How The World Building Experts Create Balanced Magic Systems

What are the most important elements?

Reading time
3 min
Published on

December 21, 2023

Blauw Films

Saint George and The Dragon (1470) by Paolo Uccello

The Secret of Creating Great Magic Systems in World Building

You’re building a world. Obviously, you know everything there is to know about Hard Magic and Soft Magic because you have already read our post on it (cough, cough)... I’ll wait...

Okay, welcome back! Creating brand new systems of magic for your brand new world can be a daunting task. Fortunately for both you and me, Brandon Sanderson came up with a handy set of laws that can help guide and govern your magic systems. So without further ado, let’s get into a bit more detail and take a look at Sanderson’s Laws of Magic.

The key question we are going to answer in this post is:

• How can I make my magic systems feel grounded and maintain a sense of wonder?

Sanderson’s Laws of Magic

Sanderson breaks magic systems down into three distinct laws (well, actually four laws, but we’ll get to that later!)

Sanderson's First Law

“An author's (writer’s) ability to solve conflict with magic is directly proportional to how well the reader (audience) understands said magic.”

Magic isn't just a shortcut to solving plot problems! Establishing a magic system with transparent and steadfast rules is crucial. You've got to earn the privilege to whip out your wand and sprinkle the magic! This means meticulous foreshadowing, ensuring there's a clear setup, buildup and a satisfying resolution.
Your magic must exist within a controlled set of parameters where the rules are clear, enabling your audience to understand its mechanics.
This approach will help you avoid any unsatisfactory moments of deus ex machina and will help you maintain the integrity of your story.

A Visit to the Witch (1882) by Edward F. Brewtnall

Sanderson's Second Law

“Limitations > Powers.”

Imagine two wizards in a duel. The tension and drama do not come from how powerful their spells are, but from the finite energy they have the ability to use. This limitation in their magical powers creates tension and raises the stakes, making each spell cast of critical importance rather than just a barrage of light and sounds. The magic in your magic isn't just in its abilities but in its constraints. It lies in what your magic cannot do. It's in these limitations that you will find the challenges your characters must overcome, and in doing so bring your audience on the journey and fully immerse them in your world.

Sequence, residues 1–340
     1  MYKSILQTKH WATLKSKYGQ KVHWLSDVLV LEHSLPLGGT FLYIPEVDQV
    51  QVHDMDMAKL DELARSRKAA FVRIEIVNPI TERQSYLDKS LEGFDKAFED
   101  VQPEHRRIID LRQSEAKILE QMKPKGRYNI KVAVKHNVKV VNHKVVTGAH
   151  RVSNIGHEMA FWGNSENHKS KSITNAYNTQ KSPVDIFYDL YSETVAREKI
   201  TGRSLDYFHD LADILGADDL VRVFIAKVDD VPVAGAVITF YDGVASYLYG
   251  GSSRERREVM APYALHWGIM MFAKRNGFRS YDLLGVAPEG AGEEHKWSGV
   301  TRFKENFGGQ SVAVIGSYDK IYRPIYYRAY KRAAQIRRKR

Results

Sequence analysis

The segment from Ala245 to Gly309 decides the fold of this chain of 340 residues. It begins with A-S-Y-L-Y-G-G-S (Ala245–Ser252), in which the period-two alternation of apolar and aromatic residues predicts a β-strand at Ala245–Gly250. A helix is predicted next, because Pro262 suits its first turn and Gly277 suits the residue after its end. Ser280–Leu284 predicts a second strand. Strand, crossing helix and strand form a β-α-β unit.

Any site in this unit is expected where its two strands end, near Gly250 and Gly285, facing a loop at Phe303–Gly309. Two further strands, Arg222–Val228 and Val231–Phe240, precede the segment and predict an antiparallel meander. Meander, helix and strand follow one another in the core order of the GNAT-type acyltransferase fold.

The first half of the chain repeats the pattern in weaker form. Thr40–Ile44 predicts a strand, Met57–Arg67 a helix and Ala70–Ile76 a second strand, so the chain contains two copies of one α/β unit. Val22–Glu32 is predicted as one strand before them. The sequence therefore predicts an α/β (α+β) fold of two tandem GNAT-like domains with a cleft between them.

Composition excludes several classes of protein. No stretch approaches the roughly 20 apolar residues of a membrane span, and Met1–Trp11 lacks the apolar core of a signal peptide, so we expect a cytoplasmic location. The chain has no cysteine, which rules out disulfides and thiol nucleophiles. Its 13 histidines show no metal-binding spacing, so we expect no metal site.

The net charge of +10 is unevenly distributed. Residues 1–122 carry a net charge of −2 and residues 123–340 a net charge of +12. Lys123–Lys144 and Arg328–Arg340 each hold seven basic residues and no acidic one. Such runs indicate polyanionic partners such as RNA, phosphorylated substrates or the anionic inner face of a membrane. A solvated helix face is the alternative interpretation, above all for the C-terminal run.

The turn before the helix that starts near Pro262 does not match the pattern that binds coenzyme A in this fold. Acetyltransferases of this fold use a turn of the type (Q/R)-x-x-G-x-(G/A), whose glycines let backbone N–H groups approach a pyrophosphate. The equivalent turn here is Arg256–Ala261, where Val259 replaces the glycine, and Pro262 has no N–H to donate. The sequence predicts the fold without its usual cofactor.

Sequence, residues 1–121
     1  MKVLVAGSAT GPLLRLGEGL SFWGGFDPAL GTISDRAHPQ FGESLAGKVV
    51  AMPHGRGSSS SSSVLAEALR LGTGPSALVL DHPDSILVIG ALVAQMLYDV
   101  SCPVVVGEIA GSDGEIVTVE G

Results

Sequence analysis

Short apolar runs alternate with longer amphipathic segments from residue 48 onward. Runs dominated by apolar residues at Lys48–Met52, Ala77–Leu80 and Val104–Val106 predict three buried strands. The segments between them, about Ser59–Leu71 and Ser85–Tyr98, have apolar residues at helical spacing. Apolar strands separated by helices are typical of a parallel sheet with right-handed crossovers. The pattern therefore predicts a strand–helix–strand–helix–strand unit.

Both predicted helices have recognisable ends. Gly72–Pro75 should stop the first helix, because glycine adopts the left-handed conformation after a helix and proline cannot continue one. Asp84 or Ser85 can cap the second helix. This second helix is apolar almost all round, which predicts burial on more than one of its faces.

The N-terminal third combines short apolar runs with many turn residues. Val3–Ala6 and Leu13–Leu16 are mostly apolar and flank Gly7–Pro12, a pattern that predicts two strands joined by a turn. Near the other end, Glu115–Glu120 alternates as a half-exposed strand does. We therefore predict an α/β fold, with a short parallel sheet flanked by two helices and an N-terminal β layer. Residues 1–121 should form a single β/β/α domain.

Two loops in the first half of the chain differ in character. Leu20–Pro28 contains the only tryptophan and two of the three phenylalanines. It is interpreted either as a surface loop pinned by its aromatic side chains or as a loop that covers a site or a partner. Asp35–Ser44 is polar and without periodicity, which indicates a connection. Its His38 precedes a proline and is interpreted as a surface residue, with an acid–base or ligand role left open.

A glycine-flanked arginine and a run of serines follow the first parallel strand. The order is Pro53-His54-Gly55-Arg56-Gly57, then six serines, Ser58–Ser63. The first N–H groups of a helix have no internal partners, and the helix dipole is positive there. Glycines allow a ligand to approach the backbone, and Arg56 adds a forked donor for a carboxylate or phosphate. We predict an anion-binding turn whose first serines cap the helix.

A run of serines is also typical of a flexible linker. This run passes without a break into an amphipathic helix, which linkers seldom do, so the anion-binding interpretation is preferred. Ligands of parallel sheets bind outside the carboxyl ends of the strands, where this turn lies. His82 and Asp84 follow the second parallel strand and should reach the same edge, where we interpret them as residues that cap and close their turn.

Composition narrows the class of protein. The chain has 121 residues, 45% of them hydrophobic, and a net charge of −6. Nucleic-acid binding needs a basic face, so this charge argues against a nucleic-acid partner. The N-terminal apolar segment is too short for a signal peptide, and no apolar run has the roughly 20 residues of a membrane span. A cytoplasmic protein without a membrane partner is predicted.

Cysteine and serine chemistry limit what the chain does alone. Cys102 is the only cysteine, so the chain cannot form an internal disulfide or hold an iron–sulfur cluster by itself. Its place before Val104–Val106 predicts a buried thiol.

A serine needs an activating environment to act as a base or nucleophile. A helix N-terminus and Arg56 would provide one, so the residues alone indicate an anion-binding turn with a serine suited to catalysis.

Sanderson's Third Law

“Expand what you already have before you add something new.”

Remember, more is not always better. Think of a small but richly woven tapestry versus a vast plain cloth. The tapestry, with its intricate details, is a piece of art, it tells a story, it is a thing to behold! The massive undetailed cloth, on the other hand, is just a massive undetailed cloth!
By focusing on deepening and enriching the elements you already have in your magic system, you create a narrative fabric that’s interesting and immersive, rather than stretching it thin over a wide, unremarkable expanse of nothingness! This focus when it comes to your magic system doesn’t only make it easier to maintain consistency but gives the audience a better more in-depth view of the overall picture.

And that’s it… that’s Sanderson’s Laws of…Oh wait! There is one more…

Sanderson’s Zeroth Law

This one’s quite simple… just be awesome! You’ve got all the infinite possibilities of everything, everywhere, all at once at your fingertips! So just be awesome! You can imbue your characters with whatever powers you like, put them in any world you like, and have them do whatever you like! So you may as well make it awesome!

Takiyashi the Witch and the Skeleton Spectre (1844) by Utagawa Kuniyoshi
Takiyashi the Witch and the Skeleton Spectre (1844) by Utagawa Kuniyoshi


So… earn the right to use your magic by allowing your audience to understand it. Make sure there are limitations to your magic so things aren’t tediously simple for your characters. Remember that less is more, and don’t forget to be awesome!

Think about these rules, and you will create magic systems that are engaging and help tell your story in an interesting, consistent, and grounded way. But having said that… it’s your world… do what you like!

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